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Radar: The Children's Hour, Simmer Down, Souljazz Orchestra, Sea Change, Real Live Girl, The Complete History of Civilization, Best of the Fest

THEATRE | The Children's Hour
Written in 1934 by American playwright Lillian Hellman, The Children's Hour is generally considered too troublesome to stage because its cast consists mainly of children. The play takes place at a strict all-girl boarding school, and when a student runs away to escape the discipline of the two head-mistresses, she tells her parents her teachers are having a lesbian affair. The accusation has tragic consequences for all involved, and leads to what is known in theatre circles as "ripping good drama." The Upper Canada Repetory Company, well-equipped to tackle the play with its roster of adult and child performers, mounts the classic work for two nights only this weekend.
The Theatre Centre, 1087 Queen St. W., $25 general, $20 students and seniors, Friday 8 pm, Saturday 2 pm and 8 pm

PARTY | Simmer Down
I saw a girl wearing flip-flops on the street yesterday, which means that this week's sunny weather has fooled at least some of us into thinking spring is just around the corner. No doubt we'll be buried in two feet of slush a week from now, but until then let's all pretend climatic liberation is at hand with Simmer Down, Kensington's favourite island sounds party. Bringing you the best in reggae, ska, calypso, and Afrobeat the Simmer Down DJs will raise you up with good vibes and drop you on the up beat.
Augusta House, 152 Augusta Ave., $5 (free before 11 pm), 10 pm

MUSIC | Souljazz Orchestra
Six piece Afro jazz combo the Souljazz Orchestra heats up Revival tonight in celebration of the release of their latest record Rising Sun. Performing as part of this weekend's NuFunk Festival, Souljazz blends the hottest grooves from both sides of the Atlantic to create infectious songs infused with a healthy dose of soul and a political consciousness. The reviews for Rising Sun are in and critics from coast to coast are hailing it as one of the best Afrobeat records of the last few years, so you can bet Revival will be swinging to the sweet sound of Africa tonight. With Dub Monkey and DJ John Kong.
Revival, 783 College St., $15 advance, $20 door, 10 pm

THEATRE | Sea Change
Artist-driven theatre company Theatre Caravel presents an evening of new works tonight with Sea Change, its quarterly multi-disciplinary show. Sea Change aims to bring together artists working in different mediums to strengthen Toronto's creative community and encourage new works. Tonight sees performances by Spoken Word artist Angelica LeMinh, winner of Fringe's 24 Hour Play Competition Krista Dalby, singer Lara Martin, photographer Dominika Dittwald, and clown Stevie Jay. If that's not enough to whet your creative appetite, satisfy yourself with the homemade baked goods which are free with admission.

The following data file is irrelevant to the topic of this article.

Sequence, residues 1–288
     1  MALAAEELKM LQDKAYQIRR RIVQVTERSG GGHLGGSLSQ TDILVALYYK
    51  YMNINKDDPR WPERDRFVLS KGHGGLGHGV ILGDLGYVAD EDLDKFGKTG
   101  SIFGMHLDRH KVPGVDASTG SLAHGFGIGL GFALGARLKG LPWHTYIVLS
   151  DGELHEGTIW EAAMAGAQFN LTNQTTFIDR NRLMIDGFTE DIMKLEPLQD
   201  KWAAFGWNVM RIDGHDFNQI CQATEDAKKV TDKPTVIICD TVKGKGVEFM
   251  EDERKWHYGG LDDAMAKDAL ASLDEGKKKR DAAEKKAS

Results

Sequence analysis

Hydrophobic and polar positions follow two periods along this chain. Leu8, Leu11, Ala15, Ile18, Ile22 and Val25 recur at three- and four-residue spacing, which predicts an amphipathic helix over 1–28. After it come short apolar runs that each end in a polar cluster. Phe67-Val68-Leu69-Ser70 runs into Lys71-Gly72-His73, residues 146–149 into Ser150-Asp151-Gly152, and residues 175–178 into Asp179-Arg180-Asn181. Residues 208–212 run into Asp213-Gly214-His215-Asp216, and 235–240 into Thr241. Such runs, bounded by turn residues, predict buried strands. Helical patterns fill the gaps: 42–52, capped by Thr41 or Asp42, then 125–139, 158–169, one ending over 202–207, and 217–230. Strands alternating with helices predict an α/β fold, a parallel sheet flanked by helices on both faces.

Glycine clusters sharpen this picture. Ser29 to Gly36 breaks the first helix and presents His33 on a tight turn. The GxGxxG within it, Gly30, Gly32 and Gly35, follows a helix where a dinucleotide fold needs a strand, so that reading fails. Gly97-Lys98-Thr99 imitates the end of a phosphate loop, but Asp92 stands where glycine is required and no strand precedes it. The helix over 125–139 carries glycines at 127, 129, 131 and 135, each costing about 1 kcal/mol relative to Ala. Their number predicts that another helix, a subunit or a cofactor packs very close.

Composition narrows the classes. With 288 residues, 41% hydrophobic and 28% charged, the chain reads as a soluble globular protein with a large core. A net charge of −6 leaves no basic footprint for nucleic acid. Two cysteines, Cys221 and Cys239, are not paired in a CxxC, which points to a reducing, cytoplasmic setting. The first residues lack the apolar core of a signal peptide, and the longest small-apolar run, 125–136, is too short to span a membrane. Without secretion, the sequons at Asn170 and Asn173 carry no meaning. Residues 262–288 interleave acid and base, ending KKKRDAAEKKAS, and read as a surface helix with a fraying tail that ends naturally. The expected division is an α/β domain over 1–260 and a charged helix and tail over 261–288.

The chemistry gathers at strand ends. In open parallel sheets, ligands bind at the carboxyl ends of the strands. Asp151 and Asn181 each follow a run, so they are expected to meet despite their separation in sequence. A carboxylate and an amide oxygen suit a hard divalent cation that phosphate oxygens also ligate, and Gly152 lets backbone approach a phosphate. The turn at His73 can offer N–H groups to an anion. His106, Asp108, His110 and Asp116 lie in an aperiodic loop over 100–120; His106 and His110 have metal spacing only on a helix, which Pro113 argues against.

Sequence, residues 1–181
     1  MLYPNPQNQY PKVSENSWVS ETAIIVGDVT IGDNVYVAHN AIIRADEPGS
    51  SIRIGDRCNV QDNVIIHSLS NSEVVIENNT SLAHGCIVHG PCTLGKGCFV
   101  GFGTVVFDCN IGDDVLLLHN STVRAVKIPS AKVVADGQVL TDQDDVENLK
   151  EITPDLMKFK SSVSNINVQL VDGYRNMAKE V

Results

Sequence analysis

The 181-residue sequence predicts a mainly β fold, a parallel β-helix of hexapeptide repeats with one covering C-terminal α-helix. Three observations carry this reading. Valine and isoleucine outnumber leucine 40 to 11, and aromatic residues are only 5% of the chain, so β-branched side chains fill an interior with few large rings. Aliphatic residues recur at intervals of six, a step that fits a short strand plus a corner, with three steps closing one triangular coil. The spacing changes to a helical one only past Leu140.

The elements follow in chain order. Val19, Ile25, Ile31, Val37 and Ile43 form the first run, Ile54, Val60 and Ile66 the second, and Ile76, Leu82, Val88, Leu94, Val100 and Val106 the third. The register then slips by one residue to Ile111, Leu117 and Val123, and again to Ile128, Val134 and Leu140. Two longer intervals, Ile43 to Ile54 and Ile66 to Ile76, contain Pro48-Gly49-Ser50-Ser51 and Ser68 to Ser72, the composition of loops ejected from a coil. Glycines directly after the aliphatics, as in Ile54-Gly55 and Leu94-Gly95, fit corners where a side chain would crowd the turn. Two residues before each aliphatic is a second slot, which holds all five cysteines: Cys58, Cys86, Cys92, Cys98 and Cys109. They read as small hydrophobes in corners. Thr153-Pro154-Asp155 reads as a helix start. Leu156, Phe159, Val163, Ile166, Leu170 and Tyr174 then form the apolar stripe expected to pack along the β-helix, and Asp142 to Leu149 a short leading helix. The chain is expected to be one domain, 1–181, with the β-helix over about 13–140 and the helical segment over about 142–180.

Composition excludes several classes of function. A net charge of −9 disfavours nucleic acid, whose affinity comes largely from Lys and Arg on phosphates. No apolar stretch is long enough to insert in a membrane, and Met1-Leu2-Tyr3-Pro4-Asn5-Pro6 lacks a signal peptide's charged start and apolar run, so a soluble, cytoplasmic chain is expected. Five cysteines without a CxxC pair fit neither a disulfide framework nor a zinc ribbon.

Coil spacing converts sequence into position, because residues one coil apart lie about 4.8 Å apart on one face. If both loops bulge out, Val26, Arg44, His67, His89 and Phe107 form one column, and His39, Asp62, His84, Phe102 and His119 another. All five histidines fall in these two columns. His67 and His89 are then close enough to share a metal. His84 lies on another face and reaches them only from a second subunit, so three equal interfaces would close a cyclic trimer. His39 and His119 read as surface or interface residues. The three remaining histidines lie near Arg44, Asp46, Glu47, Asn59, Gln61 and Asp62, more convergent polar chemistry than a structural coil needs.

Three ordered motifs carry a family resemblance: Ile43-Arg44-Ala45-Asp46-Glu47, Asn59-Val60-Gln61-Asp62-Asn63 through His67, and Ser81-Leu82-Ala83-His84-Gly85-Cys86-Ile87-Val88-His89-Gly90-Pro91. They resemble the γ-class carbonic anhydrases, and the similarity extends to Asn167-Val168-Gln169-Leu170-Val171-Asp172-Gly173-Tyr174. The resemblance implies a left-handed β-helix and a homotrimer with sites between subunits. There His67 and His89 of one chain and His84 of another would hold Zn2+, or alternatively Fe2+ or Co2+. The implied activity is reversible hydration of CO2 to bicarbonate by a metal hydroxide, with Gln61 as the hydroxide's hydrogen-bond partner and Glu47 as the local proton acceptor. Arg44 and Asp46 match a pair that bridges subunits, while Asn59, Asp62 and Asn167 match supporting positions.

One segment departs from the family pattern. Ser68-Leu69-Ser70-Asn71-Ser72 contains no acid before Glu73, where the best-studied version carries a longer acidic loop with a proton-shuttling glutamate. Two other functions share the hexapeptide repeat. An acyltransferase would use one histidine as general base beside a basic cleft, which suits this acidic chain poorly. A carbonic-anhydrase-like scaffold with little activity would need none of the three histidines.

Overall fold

Cinecycle, 129 Spadina, $7, 7:30 pm

THEATRE | Real Live Girl
In 2003, Damien Atkins's had a runaway hit with Real Live Girl. The play garnered rave reviews, netted two Dora Awards, and was held over due to popular demand. Seven years later the play returns for one night to explore the gay male fascination with femininity. Atkins charts the growth of his inner girl through the creation of a host of characters and basically singing his heart out with a repertoire of ultra-girlie songs like "I'm Gonna Wash That Man Right Outta My Hair." A veteran of Toronto's theatre scene and a consummate performer, Atkin's piece is both an emotional and thought-provoking glimpse at the psychology of gender and a spectacle of pure entertainment. The abnormally high cost of tickets goes to benefit cash-strapped Buddies in Bad Times, the world's oldest and largest (officially) queer theatre company.
Buddies in Bad Times Theatre, 12 Alexander St., $100, 8 pm

GALLERY | The Complete History of Civilization
Not content with simply looking at the objects in our city's museums, Scott Sawtell decided to paint them. The idea behind his latest exhibition, aptly titled The Complete History of Civilization, is that we need not accept galleries' and historians' classifications of culture, so rigidly defined in the glass cases and themed rooms of the modern museum. Fracturing, abstracting, and combining the images of artifacts, Sawtell re-focuses attention on the artifice of the gallery environment and away from the presented meaning of the artifacts themselves. Whoa, a gallery show about galleries. I believe this is what is known as "meta." Runs til March 28.
Le Gallery, 1183 Dundas St. W., Free, Reception tonight 7 pm - 10 pm

COMEDY | Best of the Fest
The Toronto Sketch Comedy's Best of the Fest Encore Show was one of hundreds events across the country that fell victim to the Olympic gold medal hockey game last weekend. Originally scheduled on the same evening of that glorious event, organizers wisely rescheduled it for tonight and avoided forcing Torontonians to choose between the thing we do best (hockey) and the thing we do second best (comedy). Best of the Fest welcomes back Haircut, Last Call Cleveland, and Accidental Company, the three winning sketch comedy troupes from last November's Sketch Comedy Festival for an evening hilarity hsosted by Little Mosque on the Prairie's Brandon Firla.
Second City, 51 Mercer St., $12, 10:30 pm

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Photo: "public art 2b" by sweetie pie press, member of the blogTO Flickr Pool.


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